Initial rollout of MNCH CHWs yields important insights into addressing program challenges. The social profile of CHWs was not significantly associated with knowledge or service delivery, suggesting a broader range of community members could be recruited as CHWs. MNCH CHW time spent on service delivery was limited but comparable to the financial incentives received. Service delivery registers need to be simplified to reduce inconsistencies and yet expanded to include indicators on the timing of antenatal and postpartum visits.
Electronic supplementary material
The online version of this article (doi:10.1186/s12960-015-0086-3) contains supplementary material, which is available to authorized users.
doi:10.1186/s12960-015-0086-3
PMCID: PMC4690304  PMID: 26703439
Community health workers; Maternal newborn child health; Tanzania
3.  Household surveillance of severe neonatal illness by community health workers in Mirzapur, Bangladesh: coverage and compliance with referral 
Health Policy and Planning  2009;25(2):112-124.
Background Effective and scalable community-based strategies are needed for identification and management of serious neonatal illness.
Methods As part of a community-based, cluster-randomized controlled trial of the impact of a package of maternal-neonatal health care, community health workers (CHWs) were trained to conduct household surveillance and to identify and refer sick newborns according to a clinical algorithm. Assessments of newborns by CHWs at home were linked to hospital-based assessments by physicians, and factors impacting referral, referral compliance and outcome were evaluated.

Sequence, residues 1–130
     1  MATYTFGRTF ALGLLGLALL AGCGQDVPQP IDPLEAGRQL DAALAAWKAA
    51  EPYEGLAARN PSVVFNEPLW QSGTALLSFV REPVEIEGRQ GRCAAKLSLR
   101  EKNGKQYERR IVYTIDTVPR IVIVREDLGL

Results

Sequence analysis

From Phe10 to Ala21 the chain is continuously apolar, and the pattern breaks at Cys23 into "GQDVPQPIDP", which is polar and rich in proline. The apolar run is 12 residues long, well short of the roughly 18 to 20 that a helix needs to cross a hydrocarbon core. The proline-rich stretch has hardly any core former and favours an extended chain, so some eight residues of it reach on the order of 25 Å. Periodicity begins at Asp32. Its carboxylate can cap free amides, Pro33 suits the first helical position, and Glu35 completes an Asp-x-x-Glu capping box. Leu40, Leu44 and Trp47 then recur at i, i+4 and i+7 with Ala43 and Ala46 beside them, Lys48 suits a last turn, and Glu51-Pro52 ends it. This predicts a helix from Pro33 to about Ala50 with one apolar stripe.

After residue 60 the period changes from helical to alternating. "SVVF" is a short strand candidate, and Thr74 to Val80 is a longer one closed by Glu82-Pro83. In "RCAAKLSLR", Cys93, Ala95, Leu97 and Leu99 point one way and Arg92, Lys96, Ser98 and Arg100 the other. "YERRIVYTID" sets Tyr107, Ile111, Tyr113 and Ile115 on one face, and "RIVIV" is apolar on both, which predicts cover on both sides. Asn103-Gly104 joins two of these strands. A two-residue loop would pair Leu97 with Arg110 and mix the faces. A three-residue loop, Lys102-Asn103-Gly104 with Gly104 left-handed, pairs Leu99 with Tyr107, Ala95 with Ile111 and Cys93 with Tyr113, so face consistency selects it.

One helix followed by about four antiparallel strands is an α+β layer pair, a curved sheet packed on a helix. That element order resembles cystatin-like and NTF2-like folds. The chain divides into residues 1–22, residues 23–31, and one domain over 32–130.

Results Seventy-three per cent (7310/10 006) of live-born neonates enrolled in the study were assessed by CHWs at least once; 54% were assessed within 2 days of birth, but only 15% were attended at delivery. Among assessments for which referral was recommended, compliance was verified in 54% (495/919). Referrals recommended to young neonates 0–6 days old were 30% less likely to be complied with compared to older neonates. Compliance was positively associated with having very severe disease and selected clinical signs, including respiratory rate ≥70/minute; weak, abnormal or absent cry; lethargic or less than normal movement; and feeding problem. Among 239 neonates who died, only 38% were assessed by a CHW before death.
Conclusions Despite rigorous programmatic effort, reaching neonates within the first 2 days after birth remained a challenge, and parental compliance with referral recommendation was limited, particularly among young neonates. To optimize potential impact, community postnatal surveillance must be coupled with skilled attendance at delivery, and/or a worker skilled in recognition of neonatal illness must be placed in close proximity to the community to allow for rapid case management to avert early deaths.
doi:10.1093/heapol/czp048
PMCID: PMC2912547  PMID: 19917652
Community health worker; neonatal illness; referral; surveillance; care seeking
4.  “You should go so that others can come”; the role of facilities in determining an early departure after childbirth in Morogoro Region, Tanzania